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Spain and China used very different public health responses to the COVID-19 crisis, and that has had significant consequences in terms of the mental health as well as physical health of the two countries’ citizens, Roger Ho, MD, reported at the virtual congress of the European College of Neuropsychopharmacology.
Ho, a psychiatrist at the National University of Singapore, presented a first-of-its-kind cross-cultural comparative study of the impact of the COVID-19 pandemic in two epicenters on opposite sides of the world. A total of 1,539 participants drawn from the general populations in the two countries completed the online National University of Singapore COVID-19 Questionnaire. The survey was conducted in late February/early March in China and in mid-April in Spain, times of intense disease activity in the countries.
The questionnaire assesses knowledge and concerns about COVID, precautionary measures taken in the last 14 days, contact history, and physical symptoms related to COVID in the last 14 days. The pandemic’s psychological impact was evaluated using the Impact of Event Scale–Revised (IES-R). Participants also completed the Depression, Anxiety, and Stress-21 Scale (DASS-21).
Of note, the pandemic has taken a vastly greater physical toll in Spain than China. As of May 5, there were 83,000 confirmed cases of COVID-19 in China, with a population of 1.39 billion, compared with 248,000 in Spain, with a population of 46.9 million. The Spanish case rate of 5,500 per 1 million population was 100 times greater than China’s; the Spanish mortality rate of 585 per million was 185-fold greater.
Spaniards experienced significantly higher levels of stress and depression as reflected in DASS-21 subscale scores of 14.22 and 8.65, respectively, compared with 7.86 and 6.38, in Chinese respondents. Spanish subjects also reported greater anxiety levels than the Chinese on the DASS-21 anxiety subscale, although not to a statistically significant extent. Yet, counterintuitively, given the DASS-21 results, the pandemic had a greater adverse psychological impact on the Chinese subjects as reflected in their significantly higher average IES-D score of 30.76 versus 27.64 in Spain. Ho offered a hypothesis as to why: The survey documented that many Chinese respondents felt socially stigmatized, and that their nation had been discriminated against by the rest of the world because the pandemic started in China.
Spanish respondents reported less confidence in their COVID-related medical services.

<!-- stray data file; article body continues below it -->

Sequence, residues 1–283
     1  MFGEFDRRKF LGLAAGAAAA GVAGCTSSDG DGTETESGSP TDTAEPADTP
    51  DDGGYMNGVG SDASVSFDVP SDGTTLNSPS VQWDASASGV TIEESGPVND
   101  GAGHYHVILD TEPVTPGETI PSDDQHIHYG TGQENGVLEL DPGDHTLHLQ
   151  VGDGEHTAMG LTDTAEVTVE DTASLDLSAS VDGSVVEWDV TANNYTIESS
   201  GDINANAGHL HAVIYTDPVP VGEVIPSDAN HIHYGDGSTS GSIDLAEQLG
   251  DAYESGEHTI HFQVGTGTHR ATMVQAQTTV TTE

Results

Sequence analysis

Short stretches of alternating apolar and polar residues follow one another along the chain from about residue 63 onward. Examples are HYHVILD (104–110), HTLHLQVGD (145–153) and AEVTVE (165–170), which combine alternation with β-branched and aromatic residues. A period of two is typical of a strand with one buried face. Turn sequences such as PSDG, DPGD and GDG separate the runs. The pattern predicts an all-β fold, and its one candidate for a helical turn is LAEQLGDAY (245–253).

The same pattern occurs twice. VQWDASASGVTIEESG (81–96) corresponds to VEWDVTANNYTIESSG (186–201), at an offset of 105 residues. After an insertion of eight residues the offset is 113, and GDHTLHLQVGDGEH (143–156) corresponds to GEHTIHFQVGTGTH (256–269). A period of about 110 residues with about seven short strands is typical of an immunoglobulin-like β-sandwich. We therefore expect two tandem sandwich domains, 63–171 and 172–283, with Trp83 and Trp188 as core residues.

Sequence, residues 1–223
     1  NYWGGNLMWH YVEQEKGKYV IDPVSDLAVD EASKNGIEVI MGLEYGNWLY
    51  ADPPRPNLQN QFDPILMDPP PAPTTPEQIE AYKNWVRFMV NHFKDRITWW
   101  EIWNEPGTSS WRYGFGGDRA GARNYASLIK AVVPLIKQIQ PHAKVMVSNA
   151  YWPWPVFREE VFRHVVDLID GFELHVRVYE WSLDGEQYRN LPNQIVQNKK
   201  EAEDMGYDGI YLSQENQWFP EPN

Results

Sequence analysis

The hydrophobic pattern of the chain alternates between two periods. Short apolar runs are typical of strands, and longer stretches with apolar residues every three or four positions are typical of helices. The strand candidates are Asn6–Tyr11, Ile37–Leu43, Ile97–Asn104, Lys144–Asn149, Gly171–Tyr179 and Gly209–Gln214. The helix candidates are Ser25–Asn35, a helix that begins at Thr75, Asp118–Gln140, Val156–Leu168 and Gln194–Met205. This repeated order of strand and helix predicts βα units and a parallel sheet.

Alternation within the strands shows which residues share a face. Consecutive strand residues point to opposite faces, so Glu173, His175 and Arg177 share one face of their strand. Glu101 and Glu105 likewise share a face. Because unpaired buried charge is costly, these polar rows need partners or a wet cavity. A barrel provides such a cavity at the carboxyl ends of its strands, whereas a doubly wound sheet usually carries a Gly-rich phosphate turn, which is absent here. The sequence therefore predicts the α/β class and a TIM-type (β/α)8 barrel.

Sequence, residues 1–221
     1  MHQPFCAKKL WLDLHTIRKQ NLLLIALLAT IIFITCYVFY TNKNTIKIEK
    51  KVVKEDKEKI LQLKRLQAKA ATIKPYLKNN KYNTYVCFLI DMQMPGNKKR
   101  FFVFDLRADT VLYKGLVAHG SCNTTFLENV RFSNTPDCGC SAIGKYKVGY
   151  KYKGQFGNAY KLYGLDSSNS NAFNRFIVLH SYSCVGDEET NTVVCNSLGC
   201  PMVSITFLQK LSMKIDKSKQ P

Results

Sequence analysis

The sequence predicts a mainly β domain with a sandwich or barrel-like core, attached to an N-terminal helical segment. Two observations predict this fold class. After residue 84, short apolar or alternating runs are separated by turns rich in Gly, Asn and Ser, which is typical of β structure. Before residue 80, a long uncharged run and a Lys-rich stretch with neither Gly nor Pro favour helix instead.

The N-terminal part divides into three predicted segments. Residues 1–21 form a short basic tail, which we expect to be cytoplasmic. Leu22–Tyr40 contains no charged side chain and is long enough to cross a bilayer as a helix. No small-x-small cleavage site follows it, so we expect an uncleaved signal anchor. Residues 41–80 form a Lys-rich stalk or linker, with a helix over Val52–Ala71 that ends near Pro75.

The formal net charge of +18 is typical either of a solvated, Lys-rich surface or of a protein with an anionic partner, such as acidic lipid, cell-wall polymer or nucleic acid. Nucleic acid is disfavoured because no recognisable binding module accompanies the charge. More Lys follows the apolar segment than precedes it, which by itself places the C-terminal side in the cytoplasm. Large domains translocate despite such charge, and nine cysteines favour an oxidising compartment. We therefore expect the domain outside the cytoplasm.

“This could be due to the rising number of infected health care workers in Spain. In contrast, the Chinese had more confidence in their medical services, probably because the government quickly deployed medical personnel and treated COVID-19 patients at rapidly built hospitals,” according to Ho.
Spain and other European countries shared four shortcomings in their pandemic response, he continued: lack of personal protective equipment for health care workers, delay in developing response strategies, a shortage of hospital beds, and inability to protect vulnerable elderly individuals from infection in nursing homes.
Experiencing cough, shortness of breath, myalgia, or other physical symptoms potentially associated with COVID-19 within the past 14 days was associated with worse depression, anxiety, and stress scores in both China and Spain. This underscores from a mental health standpoint the importance of rapid and accurate testing for the infection, Ho said.
Significantly more Spanish respondents felt there was too much unnecessary worry about COVID-19, suggesting a need for better health education regarding the pandemic.
Consistent use of face masks regardless of the presence or absence of symptoms was far more common in the Chinese epicenter, where, unlike in Spain, this precautionary measure was associated with significantly lower IES-R and DASS-21 scores.
“One of the important findings in our study is that wearing a face mask seems to protect the mental health in China, but for the Spanish, wearing a face mask was associated with higher IES-R scores,” Ho said. “We understand that it is difficult for Europeans to accept the need to use masks for healthy people because mask-wearing suggests vulnerability to sickness and concealment of identity. The Chinese have a collective culture. They believe they should wear a face mask to protect their health and that of other people.”
Ho reported no financial conflicts regarding his study, conducted with coinvestigators at Huaibei (China) Normal University and Complutense University of Madrid.
SOURCE: Ho R. ECNP 2020, Session ISE01.
This article originally appeared on MDedge.com, part of the Medscape Professional Network.